Static contractions are when you hold the most weight that you can handle for 15 to 30 seconds, without locking out. The advantage of this is that you can hold more weight than you can lift. We’re strongest in this phase and it should be taken advantage of. You should experience failure when you’re attempting your maximum weight for the short duration.

Try this:

After you perform your regular full range of motion set, hold the weight in the contracted position of the exercise for as long as you can (aim for 10 to 30 seconds). You should struggle for the last few seconds, but you’ll be surprised at how much energy you have for this method, especially after performing a regular set.

Method 12: Squat

With literally dozens of squat variations out there, there is absolutely no reason or point in sticking to one variation for the rest of your life. Squatting differently is a surefire way to bump up the difficulty of your workout while keeping things fresh.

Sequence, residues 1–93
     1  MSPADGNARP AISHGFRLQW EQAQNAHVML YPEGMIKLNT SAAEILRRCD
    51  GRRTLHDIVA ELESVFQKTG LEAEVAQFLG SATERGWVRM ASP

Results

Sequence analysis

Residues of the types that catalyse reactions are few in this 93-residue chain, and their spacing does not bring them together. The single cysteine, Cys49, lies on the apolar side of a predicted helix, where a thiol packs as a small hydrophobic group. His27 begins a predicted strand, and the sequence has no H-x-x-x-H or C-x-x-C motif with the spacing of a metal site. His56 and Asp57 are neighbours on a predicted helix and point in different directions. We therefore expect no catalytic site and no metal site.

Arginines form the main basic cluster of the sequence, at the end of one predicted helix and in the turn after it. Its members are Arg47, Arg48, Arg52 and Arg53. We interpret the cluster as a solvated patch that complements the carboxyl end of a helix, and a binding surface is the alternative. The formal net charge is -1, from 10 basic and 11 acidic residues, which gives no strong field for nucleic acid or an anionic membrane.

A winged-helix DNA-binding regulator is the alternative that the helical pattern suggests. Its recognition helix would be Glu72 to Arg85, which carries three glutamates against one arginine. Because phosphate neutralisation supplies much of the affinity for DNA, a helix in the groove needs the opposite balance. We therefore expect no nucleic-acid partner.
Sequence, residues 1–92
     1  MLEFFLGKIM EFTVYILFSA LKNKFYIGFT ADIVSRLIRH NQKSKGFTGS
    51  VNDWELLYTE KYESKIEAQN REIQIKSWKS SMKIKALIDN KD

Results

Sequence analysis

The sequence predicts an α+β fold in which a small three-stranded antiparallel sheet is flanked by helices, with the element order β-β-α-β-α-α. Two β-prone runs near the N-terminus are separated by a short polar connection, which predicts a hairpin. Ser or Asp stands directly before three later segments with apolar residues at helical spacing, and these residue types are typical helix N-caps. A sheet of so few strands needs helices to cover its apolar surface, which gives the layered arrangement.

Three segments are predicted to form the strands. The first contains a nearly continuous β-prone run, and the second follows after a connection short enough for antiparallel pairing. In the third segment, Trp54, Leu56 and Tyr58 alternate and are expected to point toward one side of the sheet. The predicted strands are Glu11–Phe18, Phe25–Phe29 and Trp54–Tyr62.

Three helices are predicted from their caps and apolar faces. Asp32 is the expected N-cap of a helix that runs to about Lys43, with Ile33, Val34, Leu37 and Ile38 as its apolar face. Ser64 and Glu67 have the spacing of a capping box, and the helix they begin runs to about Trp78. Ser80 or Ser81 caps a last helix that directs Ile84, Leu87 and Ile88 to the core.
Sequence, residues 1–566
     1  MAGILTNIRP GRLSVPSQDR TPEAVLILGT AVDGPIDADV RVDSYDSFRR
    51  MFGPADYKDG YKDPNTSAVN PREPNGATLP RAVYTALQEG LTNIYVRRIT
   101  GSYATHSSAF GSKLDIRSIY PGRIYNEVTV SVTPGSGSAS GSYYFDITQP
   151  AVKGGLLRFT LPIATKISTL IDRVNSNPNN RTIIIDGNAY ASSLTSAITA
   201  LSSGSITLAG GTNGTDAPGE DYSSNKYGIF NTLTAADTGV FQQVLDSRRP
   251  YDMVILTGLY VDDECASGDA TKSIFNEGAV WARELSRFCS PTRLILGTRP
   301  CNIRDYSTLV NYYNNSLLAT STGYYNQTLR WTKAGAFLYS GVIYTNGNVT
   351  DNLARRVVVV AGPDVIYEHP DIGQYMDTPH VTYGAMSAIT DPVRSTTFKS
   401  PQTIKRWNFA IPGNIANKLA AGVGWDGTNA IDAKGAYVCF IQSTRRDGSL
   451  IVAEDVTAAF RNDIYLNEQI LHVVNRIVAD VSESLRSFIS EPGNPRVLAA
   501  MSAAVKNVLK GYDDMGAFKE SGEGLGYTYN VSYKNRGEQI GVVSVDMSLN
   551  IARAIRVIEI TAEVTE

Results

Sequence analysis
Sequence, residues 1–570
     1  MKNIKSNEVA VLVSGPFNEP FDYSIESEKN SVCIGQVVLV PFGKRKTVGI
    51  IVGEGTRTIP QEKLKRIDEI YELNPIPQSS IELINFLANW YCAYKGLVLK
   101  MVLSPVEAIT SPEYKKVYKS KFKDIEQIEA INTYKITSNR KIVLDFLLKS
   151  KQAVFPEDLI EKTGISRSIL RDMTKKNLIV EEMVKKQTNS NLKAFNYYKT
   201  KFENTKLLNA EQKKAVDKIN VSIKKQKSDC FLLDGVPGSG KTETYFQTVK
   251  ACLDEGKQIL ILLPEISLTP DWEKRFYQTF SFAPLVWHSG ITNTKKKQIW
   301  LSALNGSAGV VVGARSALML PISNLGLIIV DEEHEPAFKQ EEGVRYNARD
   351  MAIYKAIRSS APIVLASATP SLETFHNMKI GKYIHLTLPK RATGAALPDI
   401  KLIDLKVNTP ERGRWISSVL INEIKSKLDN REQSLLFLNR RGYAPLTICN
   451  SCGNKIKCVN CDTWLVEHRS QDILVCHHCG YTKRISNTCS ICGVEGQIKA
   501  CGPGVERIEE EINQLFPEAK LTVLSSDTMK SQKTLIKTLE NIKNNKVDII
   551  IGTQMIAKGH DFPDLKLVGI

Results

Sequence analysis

There are at least 40 squat variations, and that is enough to keep you busy for quite a long time. That being said,  the most common one is back squats. We’ll cover enough to keep you out of your regular routine.

Overhead squats:

Muscular control, increase mobility, greater balance and better hip mobility, what more could you ask for? Overhead squats require some shoulder mobility, but a wider grip usually helps with this. You may not be able to overhead squat as much as you back squat, but that’s not the purpose of this. Try using this exercise with an empty barbell to practice the movement.

Front squats: